Mid-drive motors, by contrast, apply their power through your bicycle’s normal drivetrain. This means that you have the ability to shift down and multiply your motor’s torque as the hill gets harder, making it easier to climb hills. The downside here is that most mid-drive motor e-bikes require you to pedal for the bike’s motor to work at all. This means that you’re need to apply a bit of effort the whole way up.
On a hub motor bike, however, adding power is often optional. You should definitely do it most of the time – it’ll make your bike climb much better – but you can also take a quick break every once in a while and let your bike do all of the work for you.
Great Options For Electric Bikes For Hilly Rides:
If you’re after a city bike that can zoom up hills with ease, here are a few light, budget-friendly commute-oriented bikes that offer the full package when it comes to hill climbing.
Trek has an astounding lineup of electric bikes that focus on being bikes first, e-bikes second. The FX+ 2 is no exception. It’s a lightweight city commuter with a 250W hub motor and a 250Wh battery that add plenty of power without tacking on lots of weight.
This isn’t a bike that’s going to drive itself all across town, but it is a bike that will give you a lot of extra pep while you commute or cruise around the city. Weighing in at 40 lbs, the FX+2 is half the weight of some e-bikes with hefty 750W motors, meaning it’s still fun to ride on lower assist levels. This also means that it practically zooms up hills despite the nominally smaller motor.
It’s worth mentioning that Trek e-bikes are a bit more expensive than direct-to-consumer competitors like Aventon or Ride1Up. You can, however, test ride these bikes at your local Trek store, and the staff there will be more than equipped to help you with questions and maintenance issues.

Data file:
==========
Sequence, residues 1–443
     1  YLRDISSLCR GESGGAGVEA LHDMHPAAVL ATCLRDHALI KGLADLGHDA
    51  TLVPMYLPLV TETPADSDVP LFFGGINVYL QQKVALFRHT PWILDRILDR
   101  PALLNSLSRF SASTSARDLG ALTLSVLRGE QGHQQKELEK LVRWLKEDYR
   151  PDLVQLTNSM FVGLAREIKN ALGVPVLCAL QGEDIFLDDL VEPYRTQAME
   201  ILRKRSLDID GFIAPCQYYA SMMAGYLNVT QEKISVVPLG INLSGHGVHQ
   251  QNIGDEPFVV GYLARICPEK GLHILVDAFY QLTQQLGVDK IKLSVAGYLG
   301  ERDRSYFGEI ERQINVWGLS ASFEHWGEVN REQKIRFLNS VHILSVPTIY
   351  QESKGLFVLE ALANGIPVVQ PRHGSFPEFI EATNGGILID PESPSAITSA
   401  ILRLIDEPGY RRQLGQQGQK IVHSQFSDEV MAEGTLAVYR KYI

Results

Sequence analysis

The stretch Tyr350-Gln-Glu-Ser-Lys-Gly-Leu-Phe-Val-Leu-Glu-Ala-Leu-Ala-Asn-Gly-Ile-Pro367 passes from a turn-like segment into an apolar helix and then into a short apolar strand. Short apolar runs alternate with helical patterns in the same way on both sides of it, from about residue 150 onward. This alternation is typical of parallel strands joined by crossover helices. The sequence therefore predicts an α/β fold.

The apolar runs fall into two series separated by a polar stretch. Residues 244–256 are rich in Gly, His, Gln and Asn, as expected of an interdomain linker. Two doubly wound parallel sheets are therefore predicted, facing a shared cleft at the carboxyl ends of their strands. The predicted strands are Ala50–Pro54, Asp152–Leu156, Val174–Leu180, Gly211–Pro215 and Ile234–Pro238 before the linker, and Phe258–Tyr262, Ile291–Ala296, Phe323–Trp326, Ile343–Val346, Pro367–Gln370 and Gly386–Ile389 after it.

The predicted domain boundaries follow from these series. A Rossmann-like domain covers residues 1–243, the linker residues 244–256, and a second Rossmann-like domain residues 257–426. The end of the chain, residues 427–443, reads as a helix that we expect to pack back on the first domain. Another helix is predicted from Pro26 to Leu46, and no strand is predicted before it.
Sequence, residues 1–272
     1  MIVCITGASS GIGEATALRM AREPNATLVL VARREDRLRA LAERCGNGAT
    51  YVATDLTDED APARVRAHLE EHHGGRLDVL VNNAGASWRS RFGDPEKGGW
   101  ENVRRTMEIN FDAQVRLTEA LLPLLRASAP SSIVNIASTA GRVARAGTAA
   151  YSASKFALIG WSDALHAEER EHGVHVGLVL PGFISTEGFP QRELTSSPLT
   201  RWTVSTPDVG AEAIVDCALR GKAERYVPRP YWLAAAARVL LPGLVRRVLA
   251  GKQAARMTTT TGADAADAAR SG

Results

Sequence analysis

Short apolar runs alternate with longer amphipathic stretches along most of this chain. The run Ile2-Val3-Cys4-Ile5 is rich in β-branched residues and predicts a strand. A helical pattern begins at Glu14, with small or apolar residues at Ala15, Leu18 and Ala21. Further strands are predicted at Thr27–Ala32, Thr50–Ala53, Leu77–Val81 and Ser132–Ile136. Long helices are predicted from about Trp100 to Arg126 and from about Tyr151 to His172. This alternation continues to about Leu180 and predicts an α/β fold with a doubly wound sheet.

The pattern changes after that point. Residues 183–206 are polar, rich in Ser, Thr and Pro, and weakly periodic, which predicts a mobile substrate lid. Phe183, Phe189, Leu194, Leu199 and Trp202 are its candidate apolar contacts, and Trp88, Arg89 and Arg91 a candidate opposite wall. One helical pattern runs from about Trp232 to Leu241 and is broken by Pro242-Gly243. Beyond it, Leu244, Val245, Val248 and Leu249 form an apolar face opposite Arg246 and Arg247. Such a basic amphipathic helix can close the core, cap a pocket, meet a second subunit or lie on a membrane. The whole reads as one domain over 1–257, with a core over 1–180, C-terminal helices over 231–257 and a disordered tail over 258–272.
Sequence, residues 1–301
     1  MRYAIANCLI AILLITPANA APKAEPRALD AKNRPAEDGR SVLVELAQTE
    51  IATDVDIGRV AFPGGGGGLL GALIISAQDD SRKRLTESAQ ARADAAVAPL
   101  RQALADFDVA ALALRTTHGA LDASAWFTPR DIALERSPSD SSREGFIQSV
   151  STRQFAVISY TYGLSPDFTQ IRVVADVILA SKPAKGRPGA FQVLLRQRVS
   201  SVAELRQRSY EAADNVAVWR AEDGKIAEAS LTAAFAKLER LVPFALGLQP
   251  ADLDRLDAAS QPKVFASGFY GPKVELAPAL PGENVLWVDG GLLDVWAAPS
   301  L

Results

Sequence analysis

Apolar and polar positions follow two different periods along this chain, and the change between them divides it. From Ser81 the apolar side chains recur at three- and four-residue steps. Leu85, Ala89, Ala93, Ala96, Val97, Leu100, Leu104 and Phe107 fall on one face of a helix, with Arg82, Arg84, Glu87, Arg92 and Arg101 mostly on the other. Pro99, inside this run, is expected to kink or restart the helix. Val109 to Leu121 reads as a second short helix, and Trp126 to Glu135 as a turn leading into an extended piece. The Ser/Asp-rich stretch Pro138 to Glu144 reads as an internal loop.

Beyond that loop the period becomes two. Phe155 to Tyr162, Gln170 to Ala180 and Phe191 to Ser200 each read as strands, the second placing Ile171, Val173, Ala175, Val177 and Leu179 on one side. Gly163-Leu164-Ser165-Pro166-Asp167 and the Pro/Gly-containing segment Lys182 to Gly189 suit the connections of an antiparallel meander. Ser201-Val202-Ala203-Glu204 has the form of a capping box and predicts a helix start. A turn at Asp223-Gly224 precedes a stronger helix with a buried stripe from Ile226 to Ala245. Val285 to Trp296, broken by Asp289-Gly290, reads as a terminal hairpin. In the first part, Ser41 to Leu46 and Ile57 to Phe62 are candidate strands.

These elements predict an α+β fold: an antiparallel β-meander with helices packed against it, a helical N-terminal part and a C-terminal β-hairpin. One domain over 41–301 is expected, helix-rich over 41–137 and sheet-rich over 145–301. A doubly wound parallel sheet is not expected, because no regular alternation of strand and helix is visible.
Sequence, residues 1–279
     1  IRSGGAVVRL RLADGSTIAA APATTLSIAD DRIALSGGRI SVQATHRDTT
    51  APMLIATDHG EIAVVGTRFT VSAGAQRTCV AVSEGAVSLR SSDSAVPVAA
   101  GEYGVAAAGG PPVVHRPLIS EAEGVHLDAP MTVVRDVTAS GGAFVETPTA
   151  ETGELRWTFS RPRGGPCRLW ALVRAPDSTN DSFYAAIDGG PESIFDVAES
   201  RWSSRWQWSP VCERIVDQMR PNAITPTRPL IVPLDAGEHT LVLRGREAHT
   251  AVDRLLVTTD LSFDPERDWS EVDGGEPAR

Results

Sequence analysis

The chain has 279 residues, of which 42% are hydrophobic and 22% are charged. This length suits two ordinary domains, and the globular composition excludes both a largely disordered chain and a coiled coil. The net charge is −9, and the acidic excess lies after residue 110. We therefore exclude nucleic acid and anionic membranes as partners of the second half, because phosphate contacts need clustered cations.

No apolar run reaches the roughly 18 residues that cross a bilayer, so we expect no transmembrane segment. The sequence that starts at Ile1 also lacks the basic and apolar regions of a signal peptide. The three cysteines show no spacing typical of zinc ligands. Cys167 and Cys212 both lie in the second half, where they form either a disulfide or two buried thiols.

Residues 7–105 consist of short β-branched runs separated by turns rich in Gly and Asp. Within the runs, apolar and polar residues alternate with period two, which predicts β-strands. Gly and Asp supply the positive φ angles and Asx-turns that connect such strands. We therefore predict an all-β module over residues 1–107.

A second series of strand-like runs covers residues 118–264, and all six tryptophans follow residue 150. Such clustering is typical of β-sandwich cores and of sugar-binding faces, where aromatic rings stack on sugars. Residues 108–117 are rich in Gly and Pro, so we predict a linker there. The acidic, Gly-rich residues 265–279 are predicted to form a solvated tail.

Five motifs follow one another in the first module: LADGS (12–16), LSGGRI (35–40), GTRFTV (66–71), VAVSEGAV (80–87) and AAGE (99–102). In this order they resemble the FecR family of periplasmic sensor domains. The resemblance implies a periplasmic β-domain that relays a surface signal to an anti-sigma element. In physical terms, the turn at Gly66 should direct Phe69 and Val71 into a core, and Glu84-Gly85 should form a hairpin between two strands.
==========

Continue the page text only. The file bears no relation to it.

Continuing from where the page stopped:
Trek also likes to put higher-quality components on its bikes, so while you pay a little bit for the brand name, the cost difference between a Trek and a similarly equipped direct-to-consumer bike is surprisingly small.
Designed to emulate an older style of city bike, the Aventon Solera is a fairly light commuter e-bike that’s available as both a 7-speed and a fixie. The 350W rear hub motor is on the smaller side of things, but it’s got more than enough power to push the 43 lb bike around at breakneck speeds.
If hills are a priority, you’ll probably want to choose the 7-speed version of the Soltera. Just like the FX+ 2, the lightweight bike will rocket up standard hills with a little bit of help from the rider.
Unlike a big, heavy 750W bike, these lightweight bikes will go a lot farther per unit of effort that you put in, allowing you to conserve battery power and use lower assist levels than you would on a heavier e-bike.
As far as components go, the Soltera uses parts that are a bit less nice than the ones in the FX+ 2. It’s a lot cheaper, however, so if you’re looking to save money, it’s probably the better option.
A hybrid bike that is somewhat similar to the FX+2 is quite a bit heavier with its 62 lbs weight, yet pretty fast electric bike. The Ride1Up 700 is a class-3 commuter in its cross-over configuration, but it’s more of a commuter/cruiser hybrid when you choose the step-through frame.
The Ride1Up 700 has a 750watt rear hub motor with 60nm of torque and a range getting over 50 miles per charge on the lowest pedal assist setting and between 20 and 30 on the highest. The controller is reluctant to blast out power when you’re in a throttle-only mode, but you’ll have no problems shooting up hills.
The bike comes in cross-over and step-through frames. While the cross-over frame comes with adjustable straight handlebars, the step-through frame has swept-back bars that are a bit closer to what you’d find on a cruiser.